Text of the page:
What does it mean to “trust?” What makes us feel secure enough to place our confidence—even at times our welfare—in the hands of other people? Is it possible to “trust” an institution? What exactly do people mean when they claim to “distrust” their governments?

How can we restore trust when the untrustworthy have to pretend to be trustworthy, so they will try to withhold or fiddle the evidence, or to smother it in glossy publicity?

In the week, Mahamoudu Bawumia of the NPP questioned the deliberate incorrectness of statistics provided by the Central Bank and the Ghana Statistical Service. He is not the first to say this, but its timing is particularly positioned when we have an IMF team in the country to peel the under layer of the macro indicators and the Government’s overdrawn bank positions.

Government admitted that their turning to the IMF is deliberately to give some credibility to their policies and restore confidence in the economy, particularly, some help with the sliding cedi. Then they denied it.

You see trust is a social virtue that cannot be reduced to strategic self-interest; others claim that trusting another person is ultimately a rational calculation based on information about that person and his or her incentives and motivations.

We place our trust in persons whom we believe to have strong reasons to act in our best interests. We are correct when we assume that the main incentive of those whom we trust is to maintain a relationship with us—whether it is for reasons of economic benefit or for love and friendship

Can we trust an NPP government that wields machetes and fisticuff each other in open daylight, in the glaring view of public cameras, captured on TV as some uncivilized group of persons, bent on winning political leadership at all costs?

Placing and refusing trust intelligently is not a matter of finding guarantees or proofs. We often have to assess complex and incomplete evidence, which the masters of spin and PR may be massaging, to make things look better than they are.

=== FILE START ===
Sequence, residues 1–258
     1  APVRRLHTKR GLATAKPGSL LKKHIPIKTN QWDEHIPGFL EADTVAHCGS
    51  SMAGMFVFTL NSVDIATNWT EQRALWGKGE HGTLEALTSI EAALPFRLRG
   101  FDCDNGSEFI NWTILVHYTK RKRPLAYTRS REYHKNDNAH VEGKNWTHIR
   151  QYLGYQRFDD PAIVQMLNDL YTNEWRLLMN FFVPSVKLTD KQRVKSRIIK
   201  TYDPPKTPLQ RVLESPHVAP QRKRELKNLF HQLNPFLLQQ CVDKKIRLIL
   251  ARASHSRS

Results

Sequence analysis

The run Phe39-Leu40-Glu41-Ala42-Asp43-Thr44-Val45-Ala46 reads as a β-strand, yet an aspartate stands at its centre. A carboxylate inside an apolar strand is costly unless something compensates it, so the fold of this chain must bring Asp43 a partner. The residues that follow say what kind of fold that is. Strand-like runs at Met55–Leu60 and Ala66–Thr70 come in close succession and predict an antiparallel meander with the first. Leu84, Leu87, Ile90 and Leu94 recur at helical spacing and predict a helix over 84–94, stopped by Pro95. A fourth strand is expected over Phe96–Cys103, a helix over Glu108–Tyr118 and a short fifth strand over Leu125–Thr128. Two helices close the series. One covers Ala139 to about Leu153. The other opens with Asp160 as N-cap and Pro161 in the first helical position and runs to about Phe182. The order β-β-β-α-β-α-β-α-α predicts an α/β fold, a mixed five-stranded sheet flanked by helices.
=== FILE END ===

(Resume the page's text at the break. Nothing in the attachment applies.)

Transparency is another fashionable remedy, and has become technically easy. It can be achieved merely by pushing information into the public domain. But transparency is no guarantee that others will be more likely to trust.

Professionals who take the time to listen, who use plain language, who open themselves to check and challenge, who offer others opportunity to judge their honesty, competence and reliability, are more likely to be trusted.

I had the privilege of exchanging thoughts on Joy fm Super Morning Show with acting CEO of the National Youth Authority, Ras Mubarak. He was patient enough to explain the ghc10 million “YES” fund, but fell short of telling me why it was placed under the President’s office and not any other ministry. We are still waiting for the report on the use of the funds placed under the Presidency for LESDEP (Local Enterprises and Skills Development). I understand it has served its purpose and no longer runs. The last I heard of it was re the matter of ghc23 million paid for no activity done in 2013.

And still on the matter of youth, have you seen the WASSCE results? Only 28.1% passed. We will have a whole host of semi-sharp graduates to run the country in the next decade.  Can we trust them with the future of this country?

Once more, Pastor Mensa Otabil of ICGC committed the heinous crime, advising Government on the crisis situation in the country and a need for determined action to respond to the needs of citizens.

As I said once before, he MUST elevate himself to Bishop. If the President can trust that Arch BISHOP Duncan Williams can command the cedi to rise despite the impossible, yet he trusts and believes, it must be because the Bishop carries a “bishopy” title. In Ghana, Bishop aaa ne eko. Mensa, heed my word, ooo!

Trust requires an intelligent judgement of trustworthiness. So those who want others’ trust have to do two things. First, they have to be trustworthy, which requires competence, honesty and reliability. Second, they have to provide intelligible evidence that they are trustworthy, enabling others to judge intelligently where they should place or refuse their trust.

To govern this country, both parties have to ask themselves, “Can Ghanaians repose enough trust in their trustworthiness to increase mutual trust between the governors and the governed?”.

Ghana, Aha a ye de papa. Alius valde week advenio. Another great week to come!